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Sunday July 3, 2011

Saying goodbye to cloudy water

Rural communities can expect a better quality of life due to the Rural Basic Infrastructure National Key Results Area of the Government Transformation Programme.

THERE was a time not too long ago when the orang asli community of Kampung Songkok in Hulu Selangor had to be content with dirty and cloudy water channelled to their homes through makeshift bamboo pipes.

The water supply from the nearby river had to be filtered manually before it was usable. When it rained heavily, the bamboo pipes would get clogged up and a lot of time was spent unclogging them. If the water pressure was low, the villagers were forced to fetch water from the river.

Fortunately for them, times have changed.

Gift of water: An orang asli boy from Kampung Songkok happy with the new water system.

These days, the villagers enjoy clean and uninterrupted water supply to their homes, thanks to the Rural and Regional Development Ministry.

Last year, the ministry installed a system that can filter and treat raw water from springs and rivers for their household needs.

Under the new system, the water is properly channelled into a main storage tank, where it is filtered and treated before it flows into individual homes.

Each home, meanwhile, is provided with an individual water storage tank and three water outlets two for the toilets and one for the kitchen.

“I can say that it's 100% better now,” raves 27-year old Azmi Sahak.

Azmi, a father of one, says they can now bathe and answer the call of nature in the privacy of their own homes.

There are 23 families living in the village located on the road to Genting Highlands from the town of Ulu Yam.

Bet Anak Hashim, 24, agrees that the installed water systems have made their lives easier.

“We are guaranteed a clean supply of water. It was difficult for us before this,” says the mother of four.

The clean water initiative is part of the Rural Basic Infrastructure (RBI) National Key Results Area (NKRA) under the Government Transformation Programme (GTP).

In essence, the objective of the rural basic infrastructure NKRA is to improve the quality of life of rural communities. Approximately 35% of Malaysians currently live in rural areas.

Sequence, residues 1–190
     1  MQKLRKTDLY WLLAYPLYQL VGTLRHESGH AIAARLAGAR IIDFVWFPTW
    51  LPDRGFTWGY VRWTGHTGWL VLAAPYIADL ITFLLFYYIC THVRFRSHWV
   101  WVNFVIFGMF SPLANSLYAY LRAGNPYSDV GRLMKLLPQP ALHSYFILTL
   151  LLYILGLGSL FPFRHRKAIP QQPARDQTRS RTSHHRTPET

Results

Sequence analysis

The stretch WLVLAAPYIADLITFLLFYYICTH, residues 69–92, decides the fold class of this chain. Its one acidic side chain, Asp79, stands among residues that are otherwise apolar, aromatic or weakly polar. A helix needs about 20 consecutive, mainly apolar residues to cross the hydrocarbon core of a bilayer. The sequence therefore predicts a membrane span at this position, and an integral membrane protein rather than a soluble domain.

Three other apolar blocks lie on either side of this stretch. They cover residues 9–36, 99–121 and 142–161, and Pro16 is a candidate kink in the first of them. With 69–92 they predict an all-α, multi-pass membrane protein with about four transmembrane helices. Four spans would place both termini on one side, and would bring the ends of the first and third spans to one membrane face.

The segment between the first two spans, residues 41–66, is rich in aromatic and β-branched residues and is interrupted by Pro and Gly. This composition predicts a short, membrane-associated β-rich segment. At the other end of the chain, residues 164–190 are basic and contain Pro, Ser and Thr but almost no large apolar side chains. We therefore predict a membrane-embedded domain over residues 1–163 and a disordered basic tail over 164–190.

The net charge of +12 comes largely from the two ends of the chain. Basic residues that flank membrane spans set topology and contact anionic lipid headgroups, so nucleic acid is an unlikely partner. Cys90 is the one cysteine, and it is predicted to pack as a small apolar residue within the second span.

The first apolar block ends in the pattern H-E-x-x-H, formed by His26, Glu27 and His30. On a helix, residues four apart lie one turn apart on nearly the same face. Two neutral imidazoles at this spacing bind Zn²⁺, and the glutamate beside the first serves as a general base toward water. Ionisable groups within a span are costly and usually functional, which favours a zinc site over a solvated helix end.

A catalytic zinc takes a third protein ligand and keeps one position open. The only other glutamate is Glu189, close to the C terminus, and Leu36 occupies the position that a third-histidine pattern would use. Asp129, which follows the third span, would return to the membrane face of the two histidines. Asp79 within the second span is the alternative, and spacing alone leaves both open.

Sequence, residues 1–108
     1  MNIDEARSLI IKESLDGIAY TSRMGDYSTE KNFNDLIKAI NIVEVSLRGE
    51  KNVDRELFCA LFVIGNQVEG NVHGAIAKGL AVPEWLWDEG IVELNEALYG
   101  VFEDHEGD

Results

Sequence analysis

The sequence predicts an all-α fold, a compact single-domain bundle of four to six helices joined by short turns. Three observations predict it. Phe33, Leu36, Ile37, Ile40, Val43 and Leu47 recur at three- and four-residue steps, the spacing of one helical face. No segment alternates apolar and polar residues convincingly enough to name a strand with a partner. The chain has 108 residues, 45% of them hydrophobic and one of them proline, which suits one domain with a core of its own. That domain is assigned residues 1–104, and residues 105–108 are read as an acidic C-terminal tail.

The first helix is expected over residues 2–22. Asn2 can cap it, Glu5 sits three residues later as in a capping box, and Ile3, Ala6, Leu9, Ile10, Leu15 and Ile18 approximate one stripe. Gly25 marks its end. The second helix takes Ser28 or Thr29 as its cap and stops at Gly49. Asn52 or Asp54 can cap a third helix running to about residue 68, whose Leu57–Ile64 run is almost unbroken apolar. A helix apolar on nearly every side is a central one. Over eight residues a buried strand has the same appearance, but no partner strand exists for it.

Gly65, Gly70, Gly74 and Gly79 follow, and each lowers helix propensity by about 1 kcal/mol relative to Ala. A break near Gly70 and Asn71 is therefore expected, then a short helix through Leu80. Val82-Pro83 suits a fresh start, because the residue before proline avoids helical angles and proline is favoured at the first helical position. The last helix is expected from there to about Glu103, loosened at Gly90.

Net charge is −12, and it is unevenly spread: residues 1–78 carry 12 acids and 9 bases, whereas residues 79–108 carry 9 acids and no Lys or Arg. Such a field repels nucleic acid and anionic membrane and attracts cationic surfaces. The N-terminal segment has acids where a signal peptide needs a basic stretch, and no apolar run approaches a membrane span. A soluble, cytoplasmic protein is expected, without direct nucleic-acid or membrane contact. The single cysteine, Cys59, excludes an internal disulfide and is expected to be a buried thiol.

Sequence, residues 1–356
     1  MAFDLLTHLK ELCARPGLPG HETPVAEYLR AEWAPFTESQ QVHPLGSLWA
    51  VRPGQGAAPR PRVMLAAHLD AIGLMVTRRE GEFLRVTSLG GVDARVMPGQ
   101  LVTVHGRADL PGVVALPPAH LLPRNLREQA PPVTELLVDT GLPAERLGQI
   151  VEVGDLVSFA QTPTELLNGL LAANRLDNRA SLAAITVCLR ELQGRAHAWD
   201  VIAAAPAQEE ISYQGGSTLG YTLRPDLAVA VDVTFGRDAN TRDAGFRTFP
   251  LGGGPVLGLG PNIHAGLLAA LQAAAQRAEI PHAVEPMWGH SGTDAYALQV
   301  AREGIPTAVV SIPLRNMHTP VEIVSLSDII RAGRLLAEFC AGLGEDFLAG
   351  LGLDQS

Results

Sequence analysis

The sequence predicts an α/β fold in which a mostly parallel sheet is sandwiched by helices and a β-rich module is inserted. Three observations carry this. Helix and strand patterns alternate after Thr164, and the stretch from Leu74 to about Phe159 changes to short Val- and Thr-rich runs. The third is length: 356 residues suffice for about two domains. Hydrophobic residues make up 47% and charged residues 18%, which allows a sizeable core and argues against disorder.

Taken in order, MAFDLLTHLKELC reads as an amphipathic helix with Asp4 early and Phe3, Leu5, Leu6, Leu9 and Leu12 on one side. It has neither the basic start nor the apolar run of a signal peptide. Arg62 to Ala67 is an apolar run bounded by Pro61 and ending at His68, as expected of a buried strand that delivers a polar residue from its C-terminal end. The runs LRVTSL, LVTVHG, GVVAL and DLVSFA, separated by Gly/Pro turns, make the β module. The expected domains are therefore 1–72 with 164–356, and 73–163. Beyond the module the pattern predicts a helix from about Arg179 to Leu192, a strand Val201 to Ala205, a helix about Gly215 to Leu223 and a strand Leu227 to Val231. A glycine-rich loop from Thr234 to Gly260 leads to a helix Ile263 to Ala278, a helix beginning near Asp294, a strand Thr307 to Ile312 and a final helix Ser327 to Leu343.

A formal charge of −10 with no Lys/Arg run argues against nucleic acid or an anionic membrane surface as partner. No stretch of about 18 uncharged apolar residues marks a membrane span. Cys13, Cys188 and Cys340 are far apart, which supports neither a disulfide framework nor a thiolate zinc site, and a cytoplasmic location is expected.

Other than water, the initiatives under the RBI NKRA are roads, electricity and housing.

The 2010 target for the four programmes identified under the RBI NKRA is to: build or upgrade 751.9km of federal and state roads in rural areas; provide clean or treated water connection to an additional 70,181households; provide 24-hour electricity supply to an additional 25,312 households; and build or restore 16,626 houses for the rural poor.

Ultimately, the Government's vision is to ensure that 100% of the population is living within 5km of a paved road and have access to basic amenities such as water, electricity and housing.

Hence, for the community of Kampung Songkok, more development goodies are in store, with electricity supply slated as the next basic infrastructure on the cards.

Village head Alam Supah, who is thankful for all the help being given to them, shares that they cannot wait for their village to have power supply. “We need all these amenities to progress as a community. The children need light to study at night,” he says.

As outlined in the GTP, access to basic infrastructure is a fundamental right of every Malaysian, no matter where they live.

This basic infrastructure is important as it lays the foundation for the development of social amenities such as schools and hospitals. With the right infrastructure, access to economic opportunities in rural areas can also be enhanced.

These developments in turn pave the way for secondary development such as wireless broadband and Internet services that will further improve the quality of life for those living in rural areas.

According to the ministry, the agency tasked with implementing the RBI NKRA, the various strategies and measures put into action last year have delivered encouraging results (see charts). Three of the initiatives roads, houses and electricity exceeded their 2010 targets.

In some of the rural areas where road access and electricity supply are now available, communication towers are already being planned and constructed for telecommunications and broadband connectivity.

To expedite delivery further and meet the targets set for this year and 2012, the ministry is working on improving the administrative process of the development projects, specifically in cutting red tape and time for the procurement, tendering, land acquisition or resolution of land matters.

While the subsequent measures for further progress in the less developed parts of the country continue to be rolled out, the implementation of the initiatives in the ongoing RBI NKRA nationwide is not neglected.

And with the RBI NKRA rollout on track until 2012, soon the lack of basic infrastructure will be a thing of the past even in the most remote parts of the country.

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